We also discussed the ongoing clearances that happen in Olympic hosts cities and that hosting does not usually produce long-term benefits for the host city. We wondered if the Olympics are not as popular as they were decades ago because of doping scandals, boycotts, more access to all sports online and increased professional participation but we agreed that we still get sucked in every two years.

The author sets the team up as underdogs and while they weren’t as highly regarded or supported as their competition, they did have advantages. They had access to George Pocock, a premier boatbuilder and rowing devotee. Their coaches were committed to sending a boat to the Olympics and tinkered with the lineup for years. Rowing was a national sport at the time and the city of Seattle pinned their hopes on the team. Ultimately, as rowers in our group pointed out, it comes down to the day of the race and having luck and balance on your side.  The balance was most evident with Joe, a boy who was all but abandoned as a ten year old who had to learn to trust his teammates and find the ineffable swing that would make them champions.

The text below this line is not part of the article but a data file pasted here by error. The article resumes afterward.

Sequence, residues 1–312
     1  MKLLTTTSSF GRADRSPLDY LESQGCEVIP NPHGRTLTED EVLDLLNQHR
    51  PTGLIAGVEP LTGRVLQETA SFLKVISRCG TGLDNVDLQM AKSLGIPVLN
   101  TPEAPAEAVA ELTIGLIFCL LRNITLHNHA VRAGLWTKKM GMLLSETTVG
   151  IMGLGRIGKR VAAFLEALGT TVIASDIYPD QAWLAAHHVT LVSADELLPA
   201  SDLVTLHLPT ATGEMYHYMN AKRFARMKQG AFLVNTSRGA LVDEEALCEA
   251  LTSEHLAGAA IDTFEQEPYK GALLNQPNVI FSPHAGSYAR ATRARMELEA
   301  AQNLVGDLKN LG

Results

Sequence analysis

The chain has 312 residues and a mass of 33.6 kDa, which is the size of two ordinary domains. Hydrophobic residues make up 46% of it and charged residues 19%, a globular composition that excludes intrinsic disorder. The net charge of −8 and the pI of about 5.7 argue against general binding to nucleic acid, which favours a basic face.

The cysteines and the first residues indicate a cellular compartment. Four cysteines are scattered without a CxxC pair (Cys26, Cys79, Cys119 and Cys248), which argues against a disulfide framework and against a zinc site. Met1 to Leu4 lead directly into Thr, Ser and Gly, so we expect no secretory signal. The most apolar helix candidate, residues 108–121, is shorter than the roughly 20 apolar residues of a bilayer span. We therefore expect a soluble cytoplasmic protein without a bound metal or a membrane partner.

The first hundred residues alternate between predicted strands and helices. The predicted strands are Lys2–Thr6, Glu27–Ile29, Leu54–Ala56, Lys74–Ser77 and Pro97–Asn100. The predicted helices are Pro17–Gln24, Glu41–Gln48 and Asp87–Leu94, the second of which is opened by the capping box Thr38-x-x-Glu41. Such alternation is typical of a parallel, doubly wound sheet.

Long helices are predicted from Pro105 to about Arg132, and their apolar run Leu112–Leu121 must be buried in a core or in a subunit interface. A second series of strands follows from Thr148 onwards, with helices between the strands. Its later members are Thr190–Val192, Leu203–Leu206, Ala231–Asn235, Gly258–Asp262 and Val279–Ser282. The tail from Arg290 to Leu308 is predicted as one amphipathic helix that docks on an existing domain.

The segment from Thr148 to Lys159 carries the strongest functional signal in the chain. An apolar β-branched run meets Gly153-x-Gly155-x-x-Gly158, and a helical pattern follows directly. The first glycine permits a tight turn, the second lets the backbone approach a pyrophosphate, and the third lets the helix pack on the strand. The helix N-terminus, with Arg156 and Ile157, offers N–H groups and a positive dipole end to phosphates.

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Movie update
The Summer Olympics were cancelled during World War II. In 1948 the so-called Austerity Olympics were held in London (the US won the men’s eights once again).

Read Alikes:
The Amateurs by David Halberstam
In the Garden of Beasts and The Devil in the White City by Erik Larson
Native American Son: The Life and and Sporting Legend of Jim Thorpe by Kate Buford
Seabiscuit: an American Legend by Laura Hillenbrand
Worst Hard Time by Timothy Egan
Note by Note: the Making of Steinway L1037
Rudy
Jesse Owens film at Northside Library, February 26